We dropped out of the clouds to the flat expanse of outlying Anchorage. I mean really flat, though every horizon held those incredibly rugged, completely white peaks, snow reaching from summit to sea. My friend Mary met us at baggage claim after patiently waiting for the hours-late plane. She drove us to her house in Eagle River, where her husband, a judge, was barbecuing fresh Alaska salmon on the upstairs balcony. Thus began our own episode as we listened to true tales of small-town Alaska, including Mary’s beginnings there, driving west after college as far as she could go, and then north. North to Alaska. She never left.
It is true that I am sick. Sick not in Cicely but now in Denali National Park and Preserve. Predictable after travel, three of four flights delayed, sleeping on different beds and couches in different temperatures, cold by day, either too cold or too hot at night, and I started with no reserve. I started the trip the day after I put Cojo, my sweet and faithful Border collie, down.
There’s no way to describe this beauty yet that is my job. Everywhere we look there is beauty. In every direction, all the way around. No wonder 450,000 visitors come here every year.
We are but two. I am sick. We spent too much money on groceries, advised repeatedly to make sure we had enough food. Which is not why I am sick. I got too cold.
After driving up from Mary’s house north of Anchorage—and shopping too much, and stopping in Talkeetna for the night and gawking at snow and mountains and three rivers and saying their names over and over again—Chulitna, Susitna, Talkeetna—and walking on a narrow bridge beside the train-track bridge with a sign that says to keep it open for the people commuting to town by snowmobile, which is the only way they can get to and from home—now we have arrived and need to unpack our too-much food and make our home within the national park homey and then get out into Denali.
I am also tired. And a little disappointed to discover that even at this main camp residence—C Camp, our home base for the next week and a half—we have to go outdoors to a different building to pee, shower, and wash dishes. Somehow I did not figure that out from the e-mails exchanged and information sent. Somehow I did not think that of course they can’t leave the water on in all these cabins clustered here for summer help. Even living in a frozen land myself during winter, I did not think about this. Tyler and I will spend the next days drinking far less water than we should to avoid that middle-of-the-night trek.
Having checked in with park personnel and received our instructions—basically, do whatever you want, within park rules—we unpack the food hastily, turn up the wall heater, and jump back in the 1998 Subaru Forester Mary and her husband have so graciously loaned us for this adventure. We take to Denali Park Road, our first of dozens of trips up and down the fifteen miles open to us.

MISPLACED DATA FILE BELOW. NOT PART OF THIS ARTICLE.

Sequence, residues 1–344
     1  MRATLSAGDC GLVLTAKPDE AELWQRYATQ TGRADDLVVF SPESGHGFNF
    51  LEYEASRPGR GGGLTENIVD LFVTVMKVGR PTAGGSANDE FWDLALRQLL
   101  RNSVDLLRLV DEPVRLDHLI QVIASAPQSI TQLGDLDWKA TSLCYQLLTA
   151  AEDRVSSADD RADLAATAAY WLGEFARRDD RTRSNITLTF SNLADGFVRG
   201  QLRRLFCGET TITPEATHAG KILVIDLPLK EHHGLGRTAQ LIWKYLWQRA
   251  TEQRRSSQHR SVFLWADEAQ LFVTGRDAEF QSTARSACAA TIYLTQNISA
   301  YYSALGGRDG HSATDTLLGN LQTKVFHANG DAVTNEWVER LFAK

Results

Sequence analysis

And that’s when we first see it. Her. The High One—the highest peak on the North American continent. The peak that re-found her name after a ninety-eight-year interim of being called Mount McKinley for a president-elect who had not viewed her. Bare months before our journey, President Barack Obama officially renamed the great mountain in honor of the people who have known her best and longest—the people who have lived within her circle for countless generations—and now she is again appropriately called by her real name: Denali.
We round a bend. “Look!” I say. Tyler slams on the brakes. No one else is here—no tour buses, no cars—just us and a road and a mountain so magnificent we cannot speak.
Tyler steps out with his cameras.
I get my journal.
Before us the eastern base of the massive Denali reveals itself in the late-afternoon (6:21 p.m.) light. Soft clouds cover the sky—clouds I don’t know. Not cumulus or cumulonimbus, these are mostly one big cloud, like fog but high, and then in front of Denali float little saucer clouds, as if a whirlpooling air current between the great mountain and the mountains closest to us stirs the air to make them. I can’t believe I will say this but it’s like the carnie making cotton candy, whipping the paper cone around in front of the pink sugar mess to form a pink cloud.
Nowhere else do the clouds have definition. They are like soft smooth draping gray silk.
Yes, a mixed metaphor, to match this mixed sky.
The Denali Park Road—barricaded near Upper Savage Cabin (the barricade easily moved) and completely closed at the bridge over Savage River until May—is our entry into this magical world of national park. The road curves with the contours of the land, following frozen waterways we cannot see in the cleavages of hills and depths of snow; it passes through white and black spruce forests, which open to a broad valley amid these rounded hills, backed by mountains everywhere. Each day we traverse the fifteen miles of road, except when prohibited by snow, looking for wildlife and the details of Alaska, and so each day we observe the Savage River at our turnaround spot.
At first the “river” was simply a field of snow and ice under a bigger field of snow and I couldn’t tell its character. As the days crept toward spring and the water beneath the snowfields began to melt and move, the shadow of water under snow became apparent and we can now see that this is a braided river, two main currents meandering across the valley floor collecting drips and piddles of snowmelt, following the slight gradient toward the bridge, where they join and become a single current carving and crashing through ice that has held it captive for months, and then descending into a canyon beyond view.
Last night, chasing the Northern Lights with Tyler until 3 a.m.
Today, noon, Denali shows in all her splendor. Not a cloud, saucer or otherwise, touches her face or edges. For a long time we just watch her, and even though we don’t know this is the last time we will see her fully, we feel blessed.